Series:
AI Perspectives


AI Perspectives is devoted to a better understanding of AI and its impact.

Finding examples of "problematic" AI is relatively easy these days. Microsoft has inadvertently given rise to an unhinged, neo-nazi Twitter Bot while an AI beauty contest judge seems to strongly favor white women. Despite the sensational nature of these examples, they reflect a pervasive problem plaguing many modern AI systems.

Machine learning is designed to discover and exploit patterns in data so as to optimize some notion of performance. Most measures of good performance involve maximizing accuracy, yet this performance metric is often sufficient only for situations in which perfect accuracy can be achieved. When a task is difficult enough that the system is prone to errors, AI agents may fail in ways that we, as humans, may consider unfair or that take advantage of undesirable patterns in the data. Here, I discuss the issue of bias in AI and argue that great care must be taken to train a machine learning system to avoid systematic bias.

The notion of "perfect accuracy" is also simplistic in general. If an AI system is being used to screen candidates to hire, deciding how to define accuracy is already a value judgment.

In short, if you are a business professional looking to use some form of machine learning, you need to be aware of how bias can manifest itself in practice.

Just over a two weeks ago, NVIDIA showcased vid2vid, their new technique for video-to-video translation. Their paper shows off a number of different applications including one particularly striking example in which the researchers automatically convert sketchy outlines of vlog-style videos from YouTube into compellingly realistic videos of people talking to the camera. The results are incredible and really need to be seen to be believed:

When most people hear the term "translation" they think of translating natural language: e.g. translating text or speech from Mandarin to English. Today I want to reinforce the idea that translation can be applied to different types of data beyond language. The vid2vid paper I mentioned above is just the latest and most visually striking example of the transformative power of AI, and modern machine learning is making incredibly rapid progress in this space.

Machine learning is, of course, an incredibly powerful tool for language translation. Recently, researchers from Microsoft achieved human-level translation performance on translating news articles from Mandarin to English.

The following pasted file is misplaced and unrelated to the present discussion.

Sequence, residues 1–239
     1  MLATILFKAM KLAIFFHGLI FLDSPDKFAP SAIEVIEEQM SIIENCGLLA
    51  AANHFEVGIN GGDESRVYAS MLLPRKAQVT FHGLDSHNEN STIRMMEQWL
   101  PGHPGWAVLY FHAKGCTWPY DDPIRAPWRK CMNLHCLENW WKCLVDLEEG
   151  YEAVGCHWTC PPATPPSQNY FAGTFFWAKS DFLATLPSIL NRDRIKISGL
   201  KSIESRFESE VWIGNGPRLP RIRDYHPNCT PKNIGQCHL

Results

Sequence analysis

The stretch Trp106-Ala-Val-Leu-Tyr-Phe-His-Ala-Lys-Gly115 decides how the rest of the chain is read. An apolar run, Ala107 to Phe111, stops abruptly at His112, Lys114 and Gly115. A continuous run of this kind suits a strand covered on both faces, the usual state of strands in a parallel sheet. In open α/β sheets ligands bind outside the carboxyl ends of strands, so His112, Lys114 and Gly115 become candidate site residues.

In the remainder of this article, I will cover:

  • A brief definition of "translation" in the context of AI;
  • An overview of how modern machine learning systems tackle translation;
  • A list of application domains and some influential research for each.

As the use of machine learning systems grows beyond the academic sphere, one of the more worrying features I have witnessed is a lack of understanding of how machine learning systems should be trained and applied. The lessons the AI community has learned over the last few decades of research are hard-earned, and it should go without saying that those who do not understand the inner workings of a machine learning tool risk having that system fail in often surprising ways.

This advice is not limited to AI. Using any stochastic system without an understanding of when or how it is likely to fail comes with inherent risk.

However, the potential advantages of AI are many, and using machine learning to accelerate your business, whether empowering employees or improving your product, may outweigh potential pitfalls. If you are looking to use machine learning tools, here are a few guidelines you should keep in mind:

  • Establish clear metrics for success.
  • Start with the simplest approach.
  • Ask yourself if machine learning is even necessary.
  • Use both a test and a validation dataset.
  • Understand and mitigate data overfitting.
  • Be wary of bias in your data.